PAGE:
Of the second species kept in the laboratory, Elysia atroviridis, 82 individuals were infested with parasites known as copepods. Three of these specimens autotomized and regenerated as described above, thereby ridding themselves of their parasites. A further 39 lost precisely the parts of their bodies that were infested with their uninvited cohabitants.
In contrast, none of the 64 unaffected individuals severed a body part.
According to the authors, the obvious conclusion is therefore that sacoglossan sea slugs evolved this capacity for autotomy in order to free themselves of such parasites.
Indeed, thanks to their effective camouflage and the presence of toxins in their bodies, sea slugs have relatively few predators6 – who are, of course, the reason for the voluntary abandonment of certain extremities in many other animals.

More reproductive success without parasites

Moreover, “feeding experiments” revealed no autotomic behavior. At the same time, the parasites are more than just a nuisance: they fill the majority of the space within the sea slugs’ bodies and thereby hinder their reproduction. If the parasites are “thrown away,” a considerable improvement is seen in terms of reproductive success.
Other theories suggest that discarding the body might also be a way for the animals to prevent themselves from becoming entangled in algae or to dispose of toxic substances in the body.




The sea slug Elysia marginata, 3, 7, 10 and 17 days after autotomy 
Courtesy of Nara Women's University graduate school student-Ms. Sayaka Mitoh, Japan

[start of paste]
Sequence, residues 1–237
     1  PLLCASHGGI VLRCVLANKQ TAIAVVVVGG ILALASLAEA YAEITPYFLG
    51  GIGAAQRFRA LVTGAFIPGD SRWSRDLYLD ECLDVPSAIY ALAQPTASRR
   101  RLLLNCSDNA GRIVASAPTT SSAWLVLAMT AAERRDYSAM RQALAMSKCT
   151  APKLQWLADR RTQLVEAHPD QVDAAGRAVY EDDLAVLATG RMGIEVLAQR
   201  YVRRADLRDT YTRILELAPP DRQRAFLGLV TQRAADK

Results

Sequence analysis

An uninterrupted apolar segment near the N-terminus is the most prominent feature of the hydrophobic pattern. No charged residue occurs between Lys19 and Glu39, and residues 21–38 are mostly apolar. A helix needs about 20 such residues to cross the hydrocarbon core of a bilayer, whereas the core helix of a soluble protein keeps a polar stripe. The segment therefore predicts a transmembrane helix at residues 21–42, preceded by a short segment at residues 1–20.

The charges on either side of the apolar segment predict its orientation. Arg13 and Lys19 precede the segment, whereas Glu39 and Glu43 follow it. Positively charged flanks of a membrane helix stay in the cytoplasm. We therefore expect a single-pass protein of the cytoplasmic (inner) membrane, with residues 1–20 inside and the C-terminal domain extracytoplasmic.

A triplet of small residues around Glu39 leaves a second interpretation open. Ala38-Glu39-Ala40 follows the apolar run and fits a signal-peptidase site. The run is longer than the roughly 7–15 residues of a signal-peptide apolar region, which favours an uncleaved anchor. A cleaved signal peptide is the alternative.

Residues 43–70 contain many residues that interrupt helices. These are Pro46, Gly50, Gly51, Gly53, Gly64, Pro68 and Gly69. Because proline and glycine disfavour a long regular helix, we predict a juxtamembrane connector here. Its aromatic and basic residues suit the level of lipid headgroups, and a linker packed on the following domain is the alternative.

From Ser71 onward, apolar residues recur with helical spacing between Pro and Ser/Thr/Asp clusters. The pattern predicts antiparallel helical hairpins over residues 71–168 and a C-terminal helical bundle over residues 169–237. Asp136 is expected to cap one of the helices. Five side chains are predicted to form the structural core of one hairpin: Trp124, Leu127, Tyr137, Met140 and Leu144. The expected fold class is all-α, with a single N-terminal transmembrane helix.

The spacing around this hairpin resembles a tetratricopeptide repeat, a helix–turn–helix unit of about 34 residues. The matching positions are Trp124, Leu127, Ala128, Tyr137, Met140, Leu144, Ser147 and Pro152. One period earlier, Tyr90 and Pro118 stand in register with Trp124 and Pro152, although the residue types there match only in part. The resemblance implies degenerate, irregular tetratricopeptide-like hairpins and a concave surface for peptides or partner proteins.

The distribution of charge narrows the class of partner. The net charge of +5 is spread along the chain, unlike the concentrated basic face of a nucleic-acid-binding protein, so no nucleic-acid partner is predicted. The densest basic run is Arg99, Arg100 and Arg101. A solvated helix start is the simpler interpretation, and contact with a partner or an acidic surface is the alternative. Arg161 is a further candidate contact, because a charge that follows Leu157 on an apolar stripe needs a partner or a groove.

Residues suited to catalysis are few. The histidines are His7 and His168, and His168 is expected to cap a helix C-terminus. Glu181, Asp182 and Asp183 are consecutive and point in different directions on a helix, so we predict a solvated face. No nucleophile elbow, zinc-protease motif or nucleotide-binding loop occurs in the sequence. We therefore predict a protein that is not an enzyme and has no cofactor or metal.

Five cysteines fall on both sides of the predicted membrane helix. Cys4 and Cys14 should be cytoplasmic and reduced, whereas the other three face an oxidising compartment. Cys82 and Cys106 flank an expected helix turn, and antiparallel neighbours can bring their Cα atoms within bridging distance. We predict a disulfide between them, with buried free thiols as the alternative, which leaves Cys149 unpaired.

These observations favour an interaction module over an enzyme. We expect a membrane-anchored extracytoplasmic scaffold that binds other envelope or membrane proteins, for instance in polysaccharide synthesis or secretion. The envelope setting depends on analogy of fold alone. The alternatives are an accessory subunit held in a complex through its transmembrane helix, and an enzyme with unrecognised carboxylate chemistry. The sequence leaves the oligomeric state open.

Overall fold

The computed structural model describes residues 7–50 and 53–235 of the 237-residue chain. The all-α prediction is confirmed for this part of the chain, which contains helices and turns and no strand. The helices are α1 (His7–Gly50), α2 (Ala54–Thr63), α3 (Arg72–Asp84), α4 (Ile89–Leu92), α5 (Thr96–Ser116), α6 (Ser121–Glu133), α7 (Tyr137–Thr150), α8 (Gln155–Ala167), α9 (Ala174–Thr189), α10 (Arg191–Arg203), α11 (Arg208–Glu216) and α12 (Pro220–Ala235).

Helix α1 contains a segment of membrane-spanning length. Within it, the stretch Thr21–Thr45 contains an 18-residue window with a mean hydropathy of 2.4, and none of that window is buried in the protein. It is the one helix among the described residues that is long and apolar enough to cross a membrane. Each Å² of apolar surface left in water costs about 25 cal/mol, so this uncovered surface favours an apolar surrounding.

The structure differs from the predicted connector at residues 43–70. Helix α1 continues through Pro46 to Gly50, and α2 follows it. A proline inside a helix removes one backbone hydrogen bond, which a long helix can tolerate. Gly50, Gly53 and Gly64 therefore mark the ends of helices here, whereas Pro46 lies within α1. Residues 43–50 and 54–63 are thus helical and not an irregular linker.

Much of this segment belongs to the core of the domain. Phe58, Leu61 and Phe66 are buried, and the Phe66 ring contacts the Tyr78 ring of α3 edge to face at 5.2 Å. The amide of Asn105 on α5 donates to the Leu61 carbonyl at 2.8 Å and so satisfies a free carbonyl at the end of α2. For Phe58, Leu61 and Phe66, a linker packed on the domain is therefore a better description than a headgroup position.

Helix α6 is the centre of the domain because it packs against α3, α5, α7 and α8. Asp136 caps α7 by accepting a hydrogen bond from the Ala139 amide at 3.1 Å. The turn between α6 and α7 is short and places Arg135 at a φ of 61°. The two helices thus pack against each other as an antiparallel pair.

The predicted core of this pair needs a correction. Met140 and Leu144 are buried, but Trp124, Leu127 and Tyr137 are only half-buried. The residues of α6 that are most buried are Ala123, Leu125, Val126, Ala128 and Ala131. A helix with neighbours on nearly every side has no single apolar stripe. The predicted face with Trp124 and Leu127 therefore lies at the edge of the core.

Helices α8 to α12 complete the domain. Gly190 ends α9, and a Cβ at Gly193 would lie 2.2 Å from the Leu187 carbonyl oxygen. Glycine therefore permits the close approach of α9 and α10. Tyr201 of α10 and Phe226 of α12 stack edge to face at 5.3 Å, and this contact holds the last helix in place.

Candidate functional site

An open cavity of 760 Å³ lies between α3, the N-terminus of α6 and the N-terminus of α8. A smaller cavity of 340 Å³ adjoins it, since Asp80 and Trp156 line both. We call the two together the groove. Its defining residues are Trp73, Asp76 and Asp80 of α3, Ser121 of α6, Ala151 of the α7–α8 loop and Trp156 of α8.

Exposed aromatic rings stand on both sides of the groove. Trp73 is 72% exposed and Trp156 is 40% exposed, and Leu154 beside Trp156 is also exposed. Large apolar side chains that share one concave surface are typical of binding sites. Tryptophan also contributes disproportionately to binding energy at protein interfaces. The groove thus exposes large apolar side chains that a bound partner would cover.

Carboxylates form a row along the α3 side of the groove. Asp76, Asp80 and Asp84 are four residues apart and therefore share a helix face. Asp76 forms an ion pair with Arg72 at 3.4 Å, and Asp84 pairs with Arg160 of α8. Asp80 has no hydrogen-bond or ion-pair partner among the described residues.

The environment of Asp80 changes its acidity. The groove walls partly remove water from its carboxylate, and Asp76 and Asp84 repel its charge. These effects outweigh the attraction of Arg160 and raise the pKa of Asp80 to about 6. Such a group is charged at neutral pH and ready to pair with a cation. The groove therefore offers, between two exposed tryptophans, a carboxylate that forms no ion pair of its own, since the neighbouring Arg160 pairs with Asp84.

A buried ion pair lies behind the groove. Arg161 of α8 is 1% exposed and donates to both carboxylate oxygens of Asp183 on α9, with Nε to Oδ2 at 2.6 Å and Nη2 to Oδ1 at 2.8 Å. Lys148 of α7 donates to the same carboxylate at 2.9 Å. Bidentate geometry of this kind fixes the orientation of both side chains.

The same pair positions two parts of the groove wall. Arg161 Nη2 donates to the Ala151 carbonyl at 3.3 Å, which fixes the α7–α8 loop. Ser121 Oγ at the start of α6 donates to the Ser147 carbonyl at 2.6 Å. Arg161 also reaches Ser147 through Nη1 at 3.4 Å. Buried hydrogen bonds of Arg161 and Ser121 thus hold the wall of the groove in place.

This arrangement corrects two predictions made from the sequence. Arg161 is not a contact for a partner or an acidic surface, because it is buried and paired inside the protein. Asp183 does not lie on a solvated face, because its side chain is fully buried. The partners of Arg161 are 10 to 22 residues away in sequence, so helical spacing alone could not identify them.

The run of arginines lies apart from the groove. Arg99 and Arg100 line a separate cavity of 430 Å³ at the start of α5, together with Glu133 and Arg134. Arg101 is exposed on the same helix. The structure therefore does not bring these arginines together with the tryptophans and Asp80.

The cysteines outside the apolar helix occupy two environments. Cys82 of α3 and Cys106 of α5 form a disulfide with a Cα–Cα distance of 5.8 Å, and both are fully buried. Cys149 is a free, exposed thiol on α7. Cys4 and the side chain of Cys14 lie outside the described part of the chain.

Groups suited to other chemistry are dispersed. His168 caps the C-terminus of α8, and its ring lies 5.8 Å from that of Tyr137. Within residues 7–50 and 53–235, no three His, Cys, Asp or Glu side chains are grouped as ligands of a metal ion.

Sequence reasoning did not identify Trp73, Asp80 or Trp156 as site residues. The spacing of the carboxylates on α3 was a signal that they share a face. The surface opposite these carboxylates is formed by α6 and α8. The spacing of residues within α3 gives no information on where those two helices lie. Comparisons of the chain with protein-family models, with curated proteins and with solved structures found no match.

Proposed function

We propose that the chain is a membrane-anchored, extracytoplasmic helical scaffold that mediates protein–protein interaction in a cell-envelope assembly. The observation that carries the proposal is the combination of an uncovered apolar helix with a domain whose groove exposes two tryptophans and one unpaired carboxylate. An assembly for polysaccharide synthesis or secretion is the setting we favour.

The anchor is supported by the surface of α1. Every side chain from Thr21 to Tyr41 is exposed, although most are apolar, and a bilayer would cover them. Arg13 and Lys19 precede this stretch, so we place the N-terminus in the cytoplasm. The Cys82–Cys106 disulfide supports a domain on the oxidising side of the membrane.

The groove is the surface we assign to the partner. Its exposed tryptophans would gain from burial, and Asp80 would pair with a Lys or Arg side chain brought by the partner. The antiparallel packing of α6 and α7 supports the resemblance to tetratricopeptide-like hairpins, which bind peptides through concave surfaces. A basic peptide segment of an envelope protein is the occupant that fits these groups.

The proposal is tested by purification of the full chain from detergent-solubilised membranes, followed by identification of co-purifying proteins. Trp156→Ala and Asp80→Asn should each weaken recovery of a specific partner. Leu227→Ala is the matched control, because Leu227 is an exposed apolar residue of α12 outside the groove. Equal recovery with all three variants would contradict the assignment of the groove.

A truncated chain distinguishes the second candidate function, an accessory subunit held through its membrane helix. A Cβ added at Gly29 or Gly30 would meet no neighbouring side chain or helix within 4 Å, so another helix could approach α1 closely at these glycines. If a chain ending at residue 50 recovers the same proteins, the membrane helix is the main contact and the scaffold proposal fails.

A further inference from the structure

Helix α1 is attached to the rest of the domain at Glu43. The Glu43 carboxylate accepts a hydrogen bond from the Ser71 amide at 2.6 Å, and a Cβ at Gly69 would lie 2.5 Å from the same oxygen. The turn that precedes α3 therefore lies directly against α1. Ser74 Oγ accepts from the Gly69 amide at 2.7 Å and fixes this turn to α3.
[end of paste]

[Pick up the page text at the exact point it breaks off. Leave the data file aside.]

They live only from light

Another unusual characteristic of the sea slugs appears to play a decisive role in this extreme form of autotomy. Specifically, sacoglossan sea slugs feed on algae, ingesting
their chloroplasts and storing them as “kleptoplasts” in special intestinal areas under the skin via their highly branched digestive systems.6
The Japanese researchers suspect that the amputated heads acquire energy from the chloroplasts’ photosynthesis. Indeed, they have observed that the heads of young sea slugs begin feeding on algae within just a few hours. As the complete lack of a digestive system meant it was no longer possible to digest algae in the normal way, the energy obtained from the chloroplasts appears to be sufficient to regenerate the rest of the body. 
As yet, it is not clear how the sea slugs are able to extend the life span of the chloroplasts, especially given that the environment inside animal cells is characterized by completely different conditions to those in plant cells.7 Fluorescence analyses suggest that the animals make the inside of the chloroplasts more resistant, thereby protecting them from lightinduced damage.

Sufficient energy to regenerate the body 

Although the efficiency of these tiny sugar producers is reduced, the quantity of energy appears to be sufficient to regenerate the body and to keep the sea slug alive – even for its entire lifetime. In another study, sea slugs of the genus Elysia survived in an aquarium without food for up to nine months simply due to the influx of light.8 This is a period equivalent to their typical life span in the wild.

About the author

Dr. Klaus Duffner | Germany

Scientific Journalist
Medizin & Wissen Freiburg